Quilting and Copyright Rules


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Copyright law can be a confusing and intimidating topic. Heather Thomas explains many aspects of copyright law including when a pattern is considered copyrighted, what you can and cannot do with a pattern that is copyrighted and what it means to license a pattern.


From the moment a designer writes a pattern it is considered copyrighted. While some designs and patterns will have an actual copyright symbol on them and some might not, both are still considered copyrighted. This means that the pattern and design belong to the designer and cannot be copied and reproduced. Heather explains that when you purchase a design you are purchasing the rights to make that pattern for yourself. You can also make that pattern and give it to a friend, however you cannot sell what you have made from that pattern. Heather explains several other scenarios in which you can make a pattern for a friend and receive money and explains which break copyright law and which do not. Heather also explains how you can ‘date’ your patterns, meaning how you can prove how long you have had a pattern by either taking a picture of it next to that day’s newspaper or by mailing it to yourself so that the pattern is in a sealed envelope with a date printed on it. Having a dated pattern can be very helpful when needing to prove if a pattern is yours or not when it comes to copyright.


Heather also explains a term known as licensing. This is when you contact a designer and ask for permission to make their pattern to sell. If they allow you to do so, they will often either allow you to make the pattern for a certain period of time for a fee, or ask for some kind of percentage of what you make selling their pattern.

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5 Responses to “Quilting and Copyright Rules”
  1. keri

    Wow, I think this could have been presented in a little more tactfully and kinder. Most people don’t understand these rules and we are always trying to save money. I have been aware of these laws for many years and work very hard to support the work of the designers. I know it is a sore spot with some people but she just seemed really annoyed.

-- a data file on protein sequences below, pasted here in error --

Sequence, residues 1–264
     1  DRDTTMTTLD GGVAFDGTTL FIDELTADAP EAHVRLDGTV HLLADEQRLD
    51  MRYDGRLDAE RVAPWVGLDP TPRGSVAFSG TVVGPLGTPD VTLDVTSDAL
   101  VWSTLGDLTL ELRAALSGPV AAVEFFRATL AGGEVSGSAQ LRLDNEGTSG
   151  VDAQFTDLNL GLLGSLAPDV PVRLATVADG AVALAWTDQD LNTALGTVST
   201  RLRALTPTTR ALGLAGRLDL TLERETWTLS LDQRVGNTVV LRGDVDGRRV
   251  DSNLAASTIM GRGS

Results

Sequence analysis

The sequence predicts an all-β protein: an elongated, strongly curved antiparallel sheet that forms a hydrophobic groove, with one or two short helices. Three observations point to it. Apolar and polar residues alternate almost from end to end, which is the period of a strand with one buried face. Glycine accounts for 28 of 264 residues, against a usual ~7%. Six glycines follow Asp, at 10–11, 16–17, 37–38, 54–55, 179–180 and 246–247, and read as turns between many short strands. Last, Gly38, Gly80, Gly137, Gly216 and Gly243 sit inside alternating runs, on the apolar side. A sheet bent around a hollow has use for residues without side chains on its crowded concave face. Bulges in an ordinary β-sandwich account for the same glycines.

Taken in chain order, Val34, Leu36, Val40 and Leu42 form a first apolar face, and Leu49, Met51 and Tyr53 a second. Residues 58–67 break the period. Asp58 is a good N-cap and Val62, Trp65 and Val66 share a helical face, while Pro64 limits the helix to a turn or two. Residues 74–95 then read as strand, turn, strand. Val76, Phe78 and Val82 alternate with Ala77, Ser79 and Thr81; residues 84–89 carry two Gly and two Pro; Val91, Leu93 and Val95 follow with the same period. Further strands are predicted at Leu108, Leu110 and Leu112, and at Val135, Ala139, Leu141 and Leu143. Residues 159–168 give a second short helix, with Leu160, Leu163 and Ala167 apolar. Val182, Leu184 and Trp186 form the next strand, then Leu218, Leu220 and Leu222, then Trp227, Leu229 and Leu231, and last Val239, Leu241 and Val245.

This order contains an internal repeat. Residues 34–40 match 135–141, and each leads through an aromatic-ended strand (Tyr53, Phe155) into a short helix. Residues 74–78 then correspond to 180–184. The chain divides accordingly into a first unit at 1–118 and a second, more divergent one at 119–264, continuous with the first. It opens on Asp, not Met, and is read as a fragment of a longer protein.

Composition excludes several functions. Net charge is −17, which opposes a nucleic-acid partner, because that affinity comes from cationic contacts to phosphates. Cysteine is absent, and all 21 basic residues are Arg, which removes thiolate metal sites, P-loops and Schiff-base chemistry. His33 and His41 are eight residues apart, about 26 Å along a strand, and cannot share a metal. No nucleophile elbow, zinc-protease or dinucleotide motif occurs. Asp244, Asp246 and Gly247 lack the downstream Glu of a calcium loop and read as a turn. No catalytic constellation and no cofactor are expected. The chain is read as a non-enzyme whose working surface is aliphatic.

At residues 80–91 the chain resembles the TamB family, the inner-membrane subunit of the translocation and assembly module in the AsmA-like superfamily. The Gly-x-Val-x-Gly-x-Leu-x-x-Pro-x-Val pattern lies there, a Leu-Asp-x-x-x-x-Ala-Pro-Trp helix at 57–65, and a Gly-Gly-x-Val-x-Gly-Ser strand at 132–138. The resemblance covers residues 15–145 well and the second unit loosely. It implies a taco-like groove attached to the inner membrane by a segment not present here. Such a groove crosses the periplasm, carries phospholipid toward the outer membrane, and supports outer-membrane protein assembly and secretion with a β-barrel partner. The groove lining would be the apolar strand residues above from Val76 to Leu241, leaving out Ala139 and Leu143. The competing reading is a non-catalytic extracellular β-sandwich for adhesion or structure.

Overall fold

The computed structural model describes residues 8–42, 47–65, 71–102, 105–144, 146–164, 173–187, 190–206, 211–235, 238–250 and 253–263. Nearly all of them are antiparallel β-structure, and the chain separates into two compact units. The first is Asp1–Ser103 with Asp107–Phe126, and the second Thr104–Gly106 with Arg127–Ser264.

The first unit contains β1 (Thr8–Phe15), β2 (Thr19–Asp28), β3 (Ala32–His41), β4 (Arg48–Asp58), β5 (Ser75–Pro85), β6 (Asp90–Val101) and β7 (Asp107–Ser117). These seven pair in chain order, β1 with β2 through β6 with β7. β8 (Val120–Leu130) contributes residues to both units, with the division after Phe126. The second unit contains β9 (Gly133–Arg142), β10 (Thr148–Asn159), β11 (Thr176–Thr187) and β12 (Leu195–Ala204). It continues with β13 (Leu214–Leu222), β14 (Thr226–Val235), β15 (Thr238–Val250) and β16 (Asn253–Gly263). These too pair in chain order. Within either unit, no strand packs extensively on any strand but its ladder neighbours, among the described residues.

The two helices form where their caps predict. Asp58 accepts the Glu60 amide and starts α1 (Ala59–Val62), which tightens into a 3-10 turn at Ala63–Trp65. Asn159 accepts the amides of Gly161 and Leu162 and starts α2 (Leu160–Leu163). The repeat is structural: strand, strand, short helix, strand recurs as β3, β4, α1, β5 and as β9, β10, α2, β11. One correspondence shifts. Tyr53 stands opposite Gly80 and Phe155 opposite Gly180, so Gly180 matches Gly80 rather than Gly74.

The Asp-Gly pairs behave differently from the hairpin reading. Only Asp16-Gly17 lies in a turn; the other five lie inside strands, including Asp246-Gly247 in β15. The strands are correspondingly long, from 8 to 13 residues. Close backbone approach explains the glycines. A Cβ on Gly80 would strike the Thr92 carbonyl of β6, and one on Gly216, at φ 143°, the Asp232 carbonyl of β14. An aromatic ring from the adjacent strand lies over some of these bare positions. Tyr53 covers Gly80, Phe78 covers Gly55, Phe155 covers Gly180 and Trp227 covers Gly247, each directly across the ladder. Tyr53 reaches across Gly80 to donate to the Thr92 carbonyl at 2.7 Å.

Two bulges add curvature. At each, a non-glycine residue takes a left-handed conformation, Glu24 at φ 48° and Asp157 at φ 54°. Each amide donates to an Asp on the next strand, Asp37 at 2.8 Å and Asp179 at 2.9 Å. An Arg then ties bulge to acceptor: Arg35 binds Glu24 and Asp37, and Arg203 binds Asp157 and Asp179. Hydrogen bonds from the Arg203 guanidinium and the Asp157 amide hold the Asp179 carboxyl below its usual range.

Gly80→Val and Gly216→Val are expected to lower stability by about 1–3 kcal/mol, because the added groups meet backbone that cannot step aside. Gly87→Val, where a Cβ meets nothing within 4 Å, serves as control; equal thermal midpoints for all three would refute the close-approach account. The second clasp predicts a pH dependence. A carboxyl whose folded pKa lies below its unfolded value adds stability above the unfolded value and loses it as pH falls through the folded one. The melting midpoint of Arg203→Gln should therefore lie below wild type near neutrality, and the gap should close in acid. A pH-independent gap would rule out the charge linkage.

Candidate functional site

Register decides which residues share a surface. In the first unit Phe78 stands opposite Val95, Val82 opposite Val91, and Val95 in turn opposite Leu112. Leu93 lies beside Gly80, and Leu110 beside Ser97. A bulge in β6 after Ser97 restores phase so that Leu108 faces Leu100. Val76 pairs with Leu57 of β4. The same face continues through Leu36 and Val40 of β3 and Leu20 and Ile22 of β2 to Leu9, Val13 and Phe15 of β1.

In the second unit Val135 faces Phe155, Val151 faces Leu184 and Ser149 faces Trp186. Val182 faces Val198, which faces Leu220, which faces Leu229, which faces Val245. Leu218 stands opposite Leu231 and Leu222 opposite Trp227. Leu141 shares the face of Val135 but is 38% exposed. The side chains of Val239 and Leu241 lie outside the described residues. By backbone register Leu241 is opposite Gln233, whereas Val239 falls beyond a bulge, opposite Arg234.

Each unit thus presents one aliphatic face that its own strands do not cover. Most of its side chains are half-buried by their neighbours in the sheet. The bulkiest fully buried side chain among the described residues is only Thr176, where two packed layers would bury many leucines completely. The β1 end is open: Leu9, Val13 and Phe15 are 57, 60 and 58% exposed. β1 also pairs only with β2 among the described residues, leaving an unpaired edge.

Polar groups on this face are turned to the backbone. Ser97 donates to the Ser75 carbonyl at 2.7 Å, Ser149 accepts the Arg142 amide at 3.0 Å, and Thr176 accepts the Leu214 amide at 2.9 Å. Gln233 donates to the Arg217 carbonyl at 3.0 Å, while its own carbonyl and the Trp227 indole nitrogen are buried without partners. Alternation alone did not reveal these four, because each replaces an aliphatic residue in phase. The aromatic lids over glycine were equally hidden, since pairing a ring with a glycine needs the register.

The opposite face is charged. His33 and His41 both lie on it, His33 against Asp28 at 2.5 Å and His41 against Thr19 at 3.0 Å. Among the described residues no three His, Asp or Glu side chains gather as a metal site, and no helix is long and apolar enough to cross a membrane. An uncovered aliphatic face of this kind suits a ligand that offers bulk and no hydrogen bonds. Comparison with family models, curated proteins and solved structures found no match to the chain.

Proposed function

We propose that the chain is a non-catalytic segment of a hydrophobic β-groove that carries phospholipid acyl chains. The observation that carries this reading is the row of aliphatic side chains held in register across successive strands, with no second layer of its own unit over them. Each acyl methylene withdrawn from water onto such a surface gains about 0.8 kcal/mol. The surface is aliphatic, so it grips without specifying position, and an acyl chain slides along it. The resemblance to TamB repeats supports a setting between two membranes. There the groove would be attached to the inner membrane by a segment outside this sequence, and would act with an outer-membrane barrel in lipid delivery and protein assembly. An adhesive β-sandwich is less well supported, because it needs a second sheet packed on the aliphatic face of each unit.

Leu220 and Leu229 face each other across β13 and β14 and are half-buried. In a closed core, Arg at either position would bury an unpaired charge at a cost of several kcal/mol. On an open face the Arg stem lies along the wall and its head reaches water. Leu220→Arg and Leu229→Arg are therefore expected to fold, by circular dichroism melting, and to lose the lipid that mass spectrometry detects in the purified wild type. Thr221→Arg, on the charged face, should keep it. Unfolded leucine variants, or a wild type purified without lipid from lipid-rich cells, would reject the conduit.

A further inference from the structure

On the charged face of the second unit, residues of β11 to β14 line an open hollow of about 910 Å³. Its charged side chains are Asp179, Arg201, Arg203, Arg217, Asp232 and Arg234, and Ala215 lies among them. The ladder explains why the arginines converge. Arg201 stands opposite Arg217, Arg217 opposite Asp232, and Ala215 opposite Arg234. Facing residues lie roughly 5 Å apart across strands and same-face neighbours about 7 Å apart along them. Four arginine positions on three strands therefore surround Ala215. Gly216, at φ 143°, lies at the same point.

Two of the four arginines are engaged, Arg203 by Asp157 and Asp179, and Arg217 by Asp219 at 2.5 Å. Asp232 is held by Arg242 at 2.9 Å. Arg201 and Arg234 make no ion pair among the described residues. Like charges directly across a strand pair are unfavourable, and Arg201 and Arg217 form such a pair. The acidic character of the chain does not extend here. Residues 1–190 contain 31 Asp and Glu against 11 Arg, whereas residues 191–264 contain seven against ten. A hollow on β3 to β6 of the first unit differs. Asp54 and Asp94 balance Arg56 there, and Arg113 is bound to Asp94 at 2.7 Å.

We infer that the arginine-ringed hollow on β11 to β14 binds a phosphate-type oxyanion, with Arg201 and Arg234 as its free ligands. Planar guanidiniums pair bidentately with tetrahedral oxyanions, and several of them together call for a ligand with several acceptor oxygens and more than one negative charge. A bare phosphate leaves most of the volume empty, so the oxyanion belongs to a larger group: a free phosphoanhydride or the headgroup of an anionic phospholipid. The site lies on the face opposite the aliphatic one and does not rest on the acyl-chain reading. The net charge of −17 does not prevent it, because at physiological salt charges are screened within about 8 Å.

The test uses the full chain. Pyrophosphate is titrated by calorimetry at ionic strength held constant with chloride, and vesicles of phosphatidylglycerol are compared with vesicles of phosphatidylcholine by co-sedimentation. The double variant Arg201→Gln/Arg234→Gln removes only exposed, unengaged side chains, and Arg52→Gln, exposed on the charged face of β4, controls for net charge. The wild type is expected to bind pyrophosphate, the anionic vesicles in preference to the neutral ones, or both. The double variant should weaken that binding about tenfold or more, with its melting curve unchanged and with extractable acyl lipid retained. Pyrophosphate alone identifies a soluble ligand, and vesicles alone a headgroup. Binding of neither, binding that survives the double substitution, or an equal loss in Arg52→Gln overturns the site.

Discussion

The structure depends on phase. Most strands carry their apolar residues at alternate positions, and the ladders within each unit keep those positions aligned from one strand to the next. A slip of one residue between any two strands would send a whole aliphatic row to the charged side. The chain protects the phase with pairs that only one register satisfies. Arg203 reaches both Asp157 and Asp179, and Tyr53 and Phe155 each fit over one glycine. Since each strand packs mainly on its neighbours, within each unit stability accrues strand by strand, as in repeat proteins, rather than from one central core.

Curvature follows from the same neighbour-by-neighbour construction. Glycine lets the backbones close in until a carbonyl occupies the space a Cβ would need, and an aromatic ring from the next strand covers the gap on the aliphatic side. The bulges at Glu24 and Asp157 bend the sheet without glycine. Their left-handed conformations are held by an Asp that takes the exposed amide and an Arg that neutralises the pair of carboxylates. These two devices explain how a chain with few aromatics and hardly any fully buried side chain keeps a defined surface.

2. Lyn

    Hi. As a textbook author I am well aware of copyright, as so often huge sections of my books are copied by educational institutions and used!. If I use a quilting pattern, either purchased or taken from the Internet, I always reference the “author” if I know who it is. With the explosion of technology, plagiarism is so easy and most people don’t realise that they have done it.

  3. Lisa

    Patterns have different laws, specifically with clothing type items. The clothing industry is aware of this. Selling an exact copy of the pattern is braking the copyright, but not making and selling of the resulting product. Just make a tiny change, and it is different. Quote where she got this info would have be nice. She actually encouraged me to not purchase her patterns.


    What is MS THOMAS ‘S qualifications for stating these statements? Is she a lawyer? A lot of what she says is limited and inaccurate.

  5. Kristin

    I wish we had references available of where she got her information. Because I have researched this a bit too, and a few of her comments are conflicting with what I read. We had an instructor come to our quilting guild to clarify certain points about copyright, and it seems everyone has different interpretations. The overall rules are clear, but certain things are still obscure I find. Anyway….play it safe quilters and be respectful.